By: Henry David Thoreau
Walden is the account of Thoreau's two-year experiment in simple living on Walden Pond. One could do no better in describing its intent than he: “I went to the woods because I wished to live deliberately, to front only the essential facts of life, and see if I could not learn what it had to teach, and not, when it came time to die, discover that I had not lived.”
The work that resulted from his experience has become a timeless classic, shinning light on the benefits and freedoms of a simple life. Today, as in Thoreau's time, when it comes to economics everyone seems only concerned with how to make more money. He advocates instead for us to need less money, requiring less work to stay afloat, resulting in more time to do the things you actually want to do.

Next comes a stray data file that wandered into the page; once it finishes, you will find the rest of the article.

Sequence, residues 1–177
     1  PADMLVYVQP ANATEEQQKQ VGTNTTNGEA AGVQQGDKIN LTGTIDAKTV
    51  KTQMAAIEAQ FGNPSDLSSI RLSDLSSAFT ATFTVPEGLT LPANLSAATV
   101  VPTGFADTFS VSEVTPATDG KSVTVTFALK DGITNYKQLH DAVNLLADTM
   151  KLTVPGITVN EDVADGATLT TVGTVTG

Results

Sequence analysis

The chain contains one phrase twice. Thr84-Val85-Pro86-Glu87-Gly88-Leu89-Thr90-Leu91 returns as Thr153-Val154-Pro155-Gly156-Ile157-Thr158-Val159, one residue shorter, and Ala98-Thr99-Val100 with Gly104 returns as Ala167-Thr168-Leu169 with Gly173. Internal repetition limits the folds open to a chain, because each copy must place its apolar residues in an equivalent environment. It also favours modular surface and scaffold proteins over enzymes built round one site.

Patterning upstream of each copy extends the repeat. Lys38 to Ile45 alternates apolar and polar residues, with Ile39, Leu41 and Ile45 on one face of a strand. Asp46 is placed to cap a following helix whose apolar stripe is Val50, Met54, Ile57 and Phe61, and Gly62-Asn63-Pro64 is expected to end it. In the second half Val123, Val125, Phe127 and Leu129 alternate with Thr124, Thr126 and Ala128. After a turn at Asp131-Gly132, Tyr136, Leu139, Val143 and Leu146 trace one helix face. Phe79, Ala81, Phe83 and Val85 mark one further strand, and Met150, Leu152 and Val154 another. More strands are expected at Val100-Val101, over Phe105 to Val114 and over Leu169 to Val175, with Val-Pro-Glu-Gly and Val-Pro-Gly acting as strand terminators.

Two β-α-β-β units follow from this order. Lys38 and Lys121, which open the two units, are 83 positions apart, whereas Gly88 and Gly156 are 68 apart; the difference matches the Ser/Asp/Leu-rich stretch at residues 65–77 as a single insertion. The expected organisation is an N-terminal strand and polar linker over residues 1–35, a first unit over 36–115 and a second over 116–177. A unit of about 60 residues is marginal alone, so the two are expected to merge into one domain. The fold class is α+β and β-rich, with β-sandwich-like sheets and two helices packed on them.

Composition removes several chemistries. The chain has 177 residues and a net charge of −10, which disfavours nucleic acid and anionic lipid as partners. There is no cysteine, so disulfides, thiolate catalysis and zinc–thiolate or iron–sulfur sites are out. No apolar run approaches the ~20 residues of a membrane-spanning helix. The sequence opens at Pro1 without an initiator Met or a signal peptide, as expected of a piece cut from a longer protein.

At times, I found the book slow, languishing in description of the sights and smells and sounds of the turning seasons at Walden Pond. Other times, I marveled at passages overwhelmingly saturated with philosophy and wisdom that penned over 160 years ago and still essential today. For those best parts, Walden is an essential read.